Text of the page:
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The Devastating Impact of Residential Schools: Listen, Reflect, Learn and Share

June 27, 2021

Resources for Parents and Kids

Canada’s shameful treatment of Indigenous people exists today alongside many of our accomplishments. At BridgeWay we think it’s time to turn up the volume on actions toward truth and reconciliation. We encourage you to mark Canada Day however you wish and we hope you will take time to listen, reflect, learn and share with others. These conversations are difficult and, in our experience, often produce long-lasting change. This week we will be sharing resources to help our clients and followers listen, reflect, and learn about residential schools and the Indigenous experience through Indigenous voices. We hope you will share what you learn.

Trigger Warning: violence and abuse

National Residential Schools Crisis line: 1-866-925-4419

Listen: Books videos and resources for children and adults to help us know what happened

Why should we listen? The more we listen the more we know about what happened. We can be more confident as we teach our children. This starts the ripple effect.  

Take a step back and listen to the Indigenous peoples who have put their voices out into the world to share their stories with us.  Books, podcasts, films, songs and articles are available at any time – for children and adults! Gain a variety of perspectives from Indigenous peoples of different ages, experiences, cultures and more. Here’s a list of resources by Indigenous creators to get you started. When you find more, please share them with us on social media or via [email protected].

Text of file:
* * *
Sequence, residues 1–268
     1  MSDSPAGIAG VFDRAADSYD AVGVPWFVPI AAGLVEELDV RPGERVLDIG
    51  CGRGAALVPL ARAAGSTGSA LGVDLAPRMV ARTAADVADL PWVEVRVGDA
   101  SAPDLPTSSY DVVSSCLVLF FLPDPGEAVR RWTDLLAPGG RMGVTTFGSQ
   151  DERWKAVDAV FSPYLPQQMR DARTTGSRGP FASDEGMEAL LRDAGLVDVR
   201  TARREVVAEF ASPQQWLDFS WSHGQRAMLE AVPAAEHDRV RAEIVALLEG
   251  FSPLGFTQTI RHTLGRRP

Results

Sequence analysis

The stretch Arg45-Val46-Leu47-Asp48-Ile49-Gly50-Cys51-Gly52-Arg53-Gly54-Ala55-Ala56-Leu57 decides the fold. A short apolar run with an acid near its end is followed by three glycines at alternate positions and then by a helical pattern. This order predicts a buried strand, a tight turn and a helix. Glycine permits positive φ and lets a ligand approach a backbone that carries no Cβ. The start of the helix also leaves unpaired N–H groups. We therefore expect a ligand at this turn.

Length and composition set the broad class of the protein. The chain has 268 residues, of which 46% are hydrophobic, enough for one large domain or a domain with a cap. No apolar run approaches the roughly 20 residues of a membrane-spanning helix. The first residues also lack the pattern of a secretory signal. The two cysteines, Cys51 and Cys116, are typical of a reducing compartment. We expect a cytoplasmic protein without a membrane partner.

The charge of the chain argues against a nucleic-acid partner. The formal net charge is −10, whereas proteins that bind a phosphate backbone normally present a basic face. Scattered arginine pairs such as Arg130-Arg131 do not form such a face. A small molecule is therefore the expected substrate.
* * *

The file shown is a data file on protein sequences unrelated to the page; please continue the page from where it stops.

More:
About Residential Schools

Books for Children and Families About Residential Schools

Stolen Words by Melanie Florence:

For Adults to Learn More About Residential Schools

Trigger Warning: violence, abuse, sexual assault, suicide

Stolen Children – Residential School Survivors Speak Out:
  • 48 books by Indigenous writers to read to understand residential schools
  • Indian Horse by Richard Wagamese: is the sixth novel by Ojibwe author Richard Wagamese. Set in Northern Ontario in the late 1950s and early 1960s, it follows protagonist Saul Indian Horse as he uses his extraordinary talent for ice hockey to try and escape his traumatic residential school experience
  • Speaking Our Truth – A Journey of Reconciliation: In an interview, Monique Gray Smith discusses the importance of speaking the truth about the devastating impact of residential schools on Indigenous culture and identity. Her book, Speaking Our Truth, shares the stories of survivors, their families, and allies. Smith emphasizes that the truth, no matter how difficult, must be spoken in order for there to be reconciliation and healing for generations to come. 

Reflect: Questions to help us understand

We reflect in order to learn something. It can be very challenging because it involves revealing our anxiety, ignorance, errors and weaknesses. Reflecting helps us determine what we will do differently in the future.